Research Statement

Current Research

Feature selection, representation and extraction are integral to statistical pattern recognition systems. Usually features are represented as vectors that capture expert knowledge of measurable discriminative properties of the classes to be distinguished. The feature selection process entails manual expert involvement and repeated experiments. Automatic feature selection is necessary when (i) expert knowledge is unavailable, (ii) distinguishing features among classes cannot be quantified, or (iii) when a fixed length feature description cannot faithfully reflect all possible variations of the classes as in the case of sequential patterns (e.g. time series data). Automatic feature selection and extraction are also useful when developing pattern recognition systems that are scalable across new sets of classes. For example, an OCR designed with explicit feature selection process for the alphabet of one language usually does not scale to an alphabet of another language. 

One approach to avoiding explicit feature selection is to use a (dis)similarity representation instead of a feature vector representation. The training set is represented by a similarity matrix and new objects are classified based on their similarity with samples in the training set. A suitable similarity measure can also be used to increase the classification efficiency of traditional classifiers such as Support Vector Machines (SVMs).

We establish new techniques for sequential pattern recognition without explicit feature extraction for applications where: (i) a robust similarity measure exists to distinguish classes and (ii) the classifier (such as SVM) utilizes a similarity measure for both training and evaluation. We investigate the use of similarity measures for applications such as on-line signature verification and on-line handwriting recognition. Paucity of training samples can render the traditional training methods ineffective as in the case of on-line signatures where the number of training samples is rarely greater than 10. We present a new regression measure (ER2) that can classify multi-dimensional sequential patterns without the need for training with large number of prototypes. We use ER2 as a preprocessing filter in cases when sufficient training prototypes are available in order to speedup the SVM evaluation. We demonstrate the efficacy of a two stage recognition system by using Principal Component Analysis (PCA) and Recursive Feature Elimination (RFE) in the supervised classification framework of SVM. We present experiments with off-line digit images where the pixels are simply ordered in a predetermined manner to simulate sequential patterns. The Generalized Regression Model (GRM) is described to deal with the unsupervised classification (clustering) of sequential patterns.

Previous Research

I began researching on-line signature verification, which is a typical one-class problem [2] and the pattern is sequential. Two particular aspects pose challenges in the field of online signature verification. On one side, intra-personal variation can be large. Some people provide signatures with poor consistency. The speed, pressure and inclinations pertaining to the signatures made by the same person can differ greatly, which makes it quite challenging to extract consistent features. On the other side, we can only expect a few samples from one person and no forgeries in practice. This makes it very difficult to determine the consistency of extracted features. Due to the limited number of training samples, the determination of threshold that decides rejection or acceptance is also an open problem.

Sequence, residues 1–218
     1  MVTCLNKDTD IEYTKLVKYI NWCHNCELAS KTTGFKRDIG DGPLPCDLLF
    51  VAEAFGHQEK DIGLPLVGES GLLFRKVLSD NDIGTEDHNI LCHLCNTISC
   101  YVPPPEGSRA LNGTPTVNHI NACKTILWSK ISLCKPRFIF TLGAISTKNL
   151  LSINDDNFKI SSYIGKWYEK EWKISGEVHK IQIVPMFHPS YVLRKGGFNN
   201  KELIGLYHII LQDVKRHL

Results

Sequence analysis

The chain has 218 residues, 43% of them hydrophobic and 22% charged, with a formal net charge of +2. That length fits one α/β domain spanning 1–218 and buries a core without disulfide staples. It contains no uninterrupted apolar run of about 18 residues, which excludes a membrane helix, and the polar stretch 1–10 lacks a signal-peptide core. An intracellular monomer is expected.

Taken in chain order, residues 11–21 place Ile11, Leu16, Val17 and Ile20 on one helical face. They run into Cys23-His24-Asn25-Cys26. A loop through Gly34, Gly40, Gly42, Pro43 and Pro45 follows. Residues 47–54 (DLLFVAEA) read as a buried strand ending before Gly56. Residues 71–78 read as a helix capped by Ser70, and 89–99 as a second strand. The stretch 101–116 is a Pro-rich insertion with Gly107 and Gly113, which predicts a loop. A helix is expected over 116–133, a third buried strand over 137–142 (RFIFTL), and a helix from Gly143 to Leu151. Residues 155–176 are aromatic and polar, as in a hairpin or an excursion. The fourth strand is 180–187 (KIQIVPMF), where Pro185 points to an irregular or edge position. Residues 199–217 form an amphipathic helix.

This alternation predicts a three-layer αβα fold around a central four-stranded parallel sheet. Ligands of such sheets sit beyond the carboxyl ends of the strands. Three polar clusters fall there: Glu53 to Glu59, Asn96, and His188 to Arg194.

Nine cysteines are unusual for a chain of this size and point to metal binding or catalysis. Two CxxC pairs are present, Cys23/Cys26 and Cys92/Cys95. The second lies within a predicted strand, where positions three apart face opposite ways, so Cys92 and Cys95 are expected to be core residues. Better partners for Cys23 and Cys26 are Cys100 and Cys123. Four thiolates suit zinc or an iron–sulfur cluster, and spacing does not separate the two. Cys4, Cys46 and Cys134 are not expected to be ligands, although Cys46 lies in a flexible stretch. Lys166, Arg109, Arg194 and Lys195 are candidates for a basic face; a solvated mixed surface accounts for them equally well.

Being aware of the two challenging aspects above, I made two significant contributions so far for on-line signature verification.  First, I proposed a model to measure the consistency of features extracted from on-line signatures [3].  I found the shape related features are most consistent, while dynamic features such as pressure and acceleration have very poor consistency. Second, ER2, an intuitive measure for signatures is proposed [4].  Given two signatures to compare, it is natural to ask, "How are they similar?" or "What are their differences?” It is intuitive to answer the similarity with a value between 0%-100% and this value should make sense.  ER2 is such a measure.

Future Research

 My research philosophy is from application to theory and vice versa.  Application is important to solve short-distance problems, while theory is a long-distance source of creation.  Without theory, the application will lack a solid foundation.

My future work will expand into machine learning and data mining using pattern recognition techniques. Image understanding and computer vision are also in my scope. All of these fields have strong underlying connections.  I will continue to investigate the feasibility of regular pattern classification without explicit feature extraction. I believe the future of pattern recognition will be featureless, that is, the features can be either the raw data or learned implicitly through the integrated techniques of machine learning, data mining and pattern recognition.



[1] V. Vapnik. Statistical Learning Theory. Wiley, New York, NY, 1998.

[2] D. Tax.  One-class classification. Ph.D. thesis, TU Delft, 2001.

[3] H. Lei, V. Govindaraju. A Study on the Consistency of Features for On-line Signature Verification. Joint IAPR International Workshops On Syntactical and Structural Pattern Recognition (SSPR 2004) and Statistical Pattern Recognition (SPR 2004).

[4] H. Lei, S. Palla, V. Govindaraju. ER-squared: an Intuitive Similarity Measure for On-line Signature Verification.  Submitted to the 9th International Workshop on Frontiers in Handwriting Recognition, 2004.



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